I’m in Sweden today, where I just spoke before Timbro (a prominent classical liberal think tank) about the US elections and the implications for public policy.
But I’ve addressed that topic many times before. Today, motivated by my trip, I want to augment my analysis about Sweden from 10 days ago.
In that column, I highlighted some research from Professor Olle Kranz showing that Sweden became a rich nation during a free-market era when government was relatively small. And as you can see from his chart (I added the parts in red), this is also when per-capita economic output in Sweden caught up with - and eventually surpassed - per-capita GDP in other advanced countries.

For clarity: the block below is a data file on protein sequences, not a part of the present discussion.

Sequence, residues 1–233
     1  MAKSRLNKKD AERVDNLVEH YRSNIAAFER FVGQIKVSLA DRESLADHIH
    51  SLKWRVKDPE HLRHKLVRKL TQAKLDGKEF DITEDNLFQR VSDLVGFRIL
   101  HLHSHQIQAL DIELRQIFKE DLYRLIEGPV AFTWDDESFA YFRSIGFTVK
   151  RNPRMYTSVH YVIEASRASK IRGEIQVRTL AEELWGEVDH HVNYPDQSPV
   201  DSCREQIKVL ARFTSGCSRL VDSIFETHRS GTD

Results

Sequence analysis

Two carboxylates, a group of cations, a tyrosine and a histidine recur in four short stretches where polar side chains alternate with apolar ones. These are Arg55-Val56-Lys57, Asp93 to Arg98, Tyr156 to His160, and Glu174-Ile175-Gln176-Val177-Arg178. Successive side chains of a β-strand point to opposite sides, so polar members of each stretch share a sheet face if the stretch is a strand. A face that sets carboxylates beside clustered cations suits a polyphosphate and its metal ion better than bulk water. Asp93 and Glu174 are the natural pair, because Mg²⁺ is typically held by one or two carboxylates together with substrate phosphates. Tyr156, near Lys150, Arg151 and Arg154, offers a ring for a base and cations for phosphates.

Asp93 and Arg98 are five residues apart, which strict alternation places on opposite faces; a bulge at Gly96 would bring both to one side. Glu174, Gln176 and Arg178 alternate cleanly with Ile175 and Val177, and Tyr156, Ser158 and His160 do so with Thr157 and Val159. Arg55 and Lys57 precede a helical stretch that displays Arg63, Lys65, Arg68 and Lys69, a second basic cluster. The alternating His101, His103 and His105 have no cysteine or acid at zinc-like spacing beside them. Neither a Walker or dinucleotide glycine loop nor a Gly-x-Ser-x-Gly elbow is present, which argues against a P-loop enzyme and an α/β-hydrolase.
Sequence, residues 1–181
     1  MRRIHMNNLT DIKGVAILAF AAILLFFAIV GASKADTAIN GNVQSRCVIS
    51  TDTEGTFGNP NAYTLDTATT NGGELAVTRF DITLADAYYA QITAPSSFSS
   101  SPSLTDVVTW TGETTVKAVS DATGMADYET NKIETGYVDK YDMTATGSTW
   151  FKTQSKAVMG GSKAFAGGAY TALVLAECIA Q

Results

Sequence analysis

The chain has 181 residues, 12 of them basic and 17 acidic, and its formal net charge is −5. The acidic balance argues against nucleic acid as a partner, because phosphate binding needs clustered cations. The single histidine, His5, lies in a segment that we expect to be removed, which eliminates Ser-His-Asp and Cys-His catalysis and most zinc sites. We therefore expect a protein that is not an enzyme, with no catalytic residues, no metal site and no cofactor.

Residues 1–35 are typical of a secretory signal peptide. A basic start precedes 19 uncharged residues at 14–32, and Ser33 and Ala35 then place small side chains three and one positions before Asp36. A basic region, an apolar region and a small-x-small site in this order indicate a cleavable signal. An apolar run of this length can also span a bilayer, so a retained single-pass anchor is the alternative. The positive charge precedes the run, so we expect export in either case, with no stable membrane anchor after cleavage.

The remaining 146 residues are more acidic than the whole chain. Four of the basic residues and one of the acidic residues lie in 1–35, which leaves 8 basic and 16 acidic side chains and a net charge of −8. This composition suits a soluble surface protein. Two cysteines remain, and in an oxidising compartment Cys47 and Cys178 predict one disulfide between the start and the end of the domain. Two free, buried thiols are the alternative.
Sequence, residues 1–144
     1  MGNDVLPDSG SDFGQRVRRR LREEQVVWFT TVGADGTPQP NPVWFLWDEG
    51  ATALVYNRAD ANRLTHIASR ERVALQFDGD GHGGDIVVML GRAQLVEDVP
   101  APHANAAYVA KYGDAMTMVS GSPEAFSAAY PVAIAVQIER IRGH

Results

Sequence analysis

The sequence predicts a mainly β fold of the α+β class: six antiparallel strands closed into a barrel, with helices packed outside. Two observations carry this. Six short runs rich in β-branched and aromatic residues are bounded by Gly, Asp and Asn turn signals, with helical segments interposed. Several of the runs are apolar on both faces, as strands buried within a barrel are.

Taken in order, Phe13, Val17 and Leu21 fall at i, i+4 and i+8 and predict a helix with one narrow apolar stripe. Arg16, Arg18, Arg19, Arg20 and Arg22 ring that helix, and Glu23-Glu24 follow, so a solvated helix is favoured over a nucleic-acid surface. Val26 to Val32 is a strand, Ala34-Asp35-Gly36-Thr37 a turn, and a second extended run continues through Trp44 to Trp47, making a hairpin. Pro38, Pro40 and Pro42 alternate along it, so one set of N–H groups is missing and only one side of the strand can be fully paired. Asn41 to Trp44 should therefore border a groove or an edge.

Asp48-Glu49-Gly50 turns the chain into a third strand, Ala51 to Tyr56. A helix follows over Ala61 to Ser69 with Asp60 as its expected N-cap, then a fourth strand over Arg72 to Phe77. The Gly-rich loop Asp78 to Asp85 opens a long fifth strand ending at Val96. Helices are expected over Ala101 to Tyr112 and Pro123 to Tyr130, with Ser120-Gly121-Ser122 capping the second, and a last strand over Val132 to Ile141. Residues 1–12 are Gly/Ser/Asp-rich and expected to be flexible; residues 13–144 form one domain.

Then Sweden began to lose ground. Some of this was understandable and inevitable. Sweden didn’t participate in World War II, so its comparative prosperity during the war and immediately afterwards was a one-time blip.
But the main focus of my column from last week was to show that Swedish prosperity began a sustained drop during the 1960s, and I argued that the nation lost ground precisely because statist policies were adopted.
In other words, Sweden enjoyed above-average growth when it relied on policies I like and then suffered below-average growth when it imposed the policies (high tax rates, massive redistribution, etc) that get Bernie Sanders excited.